Year of Publication
Manufacturing Systems Engineering
Lawrence E. Holloway
A biological assay is designed to set up a rapid and robust drug-screening system on a small scale. An assay is considered as a single unit of a platform to screen various compounds for aiding in drug discovery. Each assay is carried out in a 96-well plate, each of whose wells consists of the biological component called the Spheroids. The value of each assay lies in it facilitating for versatile screening applications. The spheroid is considered as a micro-structural product. And the addition of various compounds for testing is performed in each well (consisting of the spheroids). The focus has been to put forth the production principles and validation strategies to run the biological assay and test its efficacy to be used for screening in high volumes. The assay development illustrates processing and validation techniques. The goal is to develop optimized standards to process the assay, addressing various quality control issues, from the raw material to the end-product stage. Such an approach also brings interesting analogies of biological process in a manufacturing scenario. The developed system incorporates a value stream approach, by pulling the product from the customer end. The process involves simply encapsulating HUVECs (Human Umbelical Vein Endothelial cells) from the raw material stage, culturing to form the spheroid and transferring the component to assemblage in a 96-well format undergoing stages of heat treatments. The small scale screening system allows the use of small amounts of drug, which is especially essential for new drug synthesis or in rapid decision making to find out any unknown potent compounds. The design of optimal processes in product development of the spheroid assay is illustrated. Thus in light of the value of this assay, developing the production system has been pivotal so as to produce quality spheroids in the 96-well plate formats. The quantification of the stimulatory and inhibitory effects of the different agents is required to help understand the complex biological behavior involved. The goal is to validate the data using image analysis software. The image analysis helps determine the quantification to be accurate, objective, and consistent. The quality of the product is tested by the reproducibility and robustness of the assay.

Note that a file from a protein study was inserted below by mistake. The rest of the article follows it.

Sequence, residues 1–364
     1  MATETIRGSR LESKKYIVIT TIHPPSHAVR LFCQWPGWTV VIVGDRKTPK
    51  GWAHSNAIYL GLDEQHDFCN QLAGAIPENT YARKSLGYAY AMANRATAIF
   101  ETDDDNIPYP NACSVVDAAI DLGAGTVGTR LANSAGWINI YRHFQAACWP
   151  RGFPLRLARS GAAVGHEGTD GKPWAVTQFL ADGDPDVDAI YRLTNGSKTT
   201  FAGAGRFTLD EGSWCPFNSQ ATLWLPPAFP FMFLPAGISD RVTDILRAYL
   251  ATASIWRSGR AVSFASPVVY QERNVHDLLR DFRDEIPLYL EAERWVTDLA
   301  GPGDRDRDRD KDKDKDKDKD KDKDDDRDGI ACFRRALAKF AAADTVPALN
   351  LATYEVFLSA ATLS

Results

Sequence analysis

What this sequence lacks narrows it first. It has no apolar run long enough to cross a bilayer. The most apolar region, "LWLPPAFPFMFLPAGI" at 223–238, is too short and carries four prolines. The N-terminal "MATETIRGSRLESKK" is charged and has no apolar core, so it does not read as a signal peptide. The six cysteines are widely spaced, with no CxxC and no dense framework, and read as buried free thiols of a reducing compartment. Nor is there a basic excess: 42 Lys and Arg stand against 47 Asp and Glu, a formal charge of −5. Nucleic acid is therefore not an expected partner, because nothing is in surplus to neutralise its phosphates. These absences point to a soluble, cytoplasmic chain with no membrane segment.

Ravindranath, Padma Priya, "PROCESS OPTIMIZATION AND VALIDATION OF AN ASSAY FOR HIGH-THROUGHPUT SCREENING" (2006). University of Kentucky Master's Theses. 375.